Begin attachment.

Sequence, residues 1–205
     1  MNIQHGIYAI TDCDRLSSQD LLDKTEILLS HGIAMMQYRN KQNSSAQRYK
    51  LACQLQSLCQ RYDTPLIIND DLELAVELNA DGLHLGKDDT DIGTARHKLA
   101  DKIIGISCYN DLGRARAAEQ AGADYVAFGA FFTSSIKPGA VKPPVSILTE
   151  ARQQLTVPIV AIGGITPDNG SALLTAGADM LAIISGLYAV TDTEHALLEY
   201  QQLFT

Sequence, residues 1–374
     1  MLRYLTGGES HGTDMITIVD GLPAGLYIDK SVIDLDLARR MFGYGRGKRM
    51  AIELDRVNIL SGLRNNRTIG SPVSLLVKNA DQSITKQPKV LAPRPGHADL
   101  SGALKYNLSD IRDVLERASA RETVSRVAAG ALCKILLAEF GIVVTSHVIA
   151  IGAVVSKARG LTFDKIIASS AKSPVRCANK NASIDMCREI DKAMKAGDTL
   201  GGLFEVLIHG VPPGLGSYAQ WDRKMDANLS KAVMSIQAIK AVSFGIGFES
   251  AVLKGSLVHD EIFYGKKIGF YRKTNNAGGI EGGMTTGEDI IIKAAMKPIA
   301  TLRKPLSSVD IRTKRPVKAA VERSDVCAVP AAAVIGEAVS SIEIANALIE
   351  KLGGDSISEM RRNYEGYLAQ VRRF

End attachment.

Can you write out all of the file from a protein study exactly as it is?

Sequence, residues 1–205
     1  MNIQHGIYAI TDCDRLSSQD LLDKTEILLS HGIAMMQYRN KQNSSAQRYK
    51  LACQLQSLCQ RYDTPLIIND DLELAVELNA DGLHLGKDDT DIGTARHKLA
   101  DKIIGISCYN DLGRARAAEQ AGADYVAFGA FFTSSIKPGA VKPPVSILTE
   151  ARQQLTVPIV AIGGITPDNG SALLTAGADM LAIISGLYAV TDTEHALLEY
   201  QQLFT

Sequence, residues 1–374
     1  MLRYLTGGES HGTDMITIVD GLPAGLYIDK SVIDLDLARR MFGYGRGKRM
    51  AIELDRVNIL SGLRNNRTIG SPVSLLVKNA DQSITKQPKV LAPRPGHADL
   101  SGALKYNLSD IRDVLERASA RETVSRVAAG ALCKILLAEF GIVVTSHVIA
   151  IGAVVSKARG LTFDKIIASS AKSPVRCANK NASIDMCREI DKAMKAGDTL
   201  GGLFEVLIHG VPPGLGSYAQ WDRKMDANLS KAVMSIQAIK AVSFGIGFES
   251  AVLKGSLVHD EIFYGKKIGF YRKTNNAGGI EGGMTTGEDI IIKAAMKPIA
   301  TLRKPLSSVD IRTKRPVKAA VERSDVCAVP AAAVIGEAVS SIEIANALIE
   351  KLGGDSISEM RRNYEGYLAQ VRRF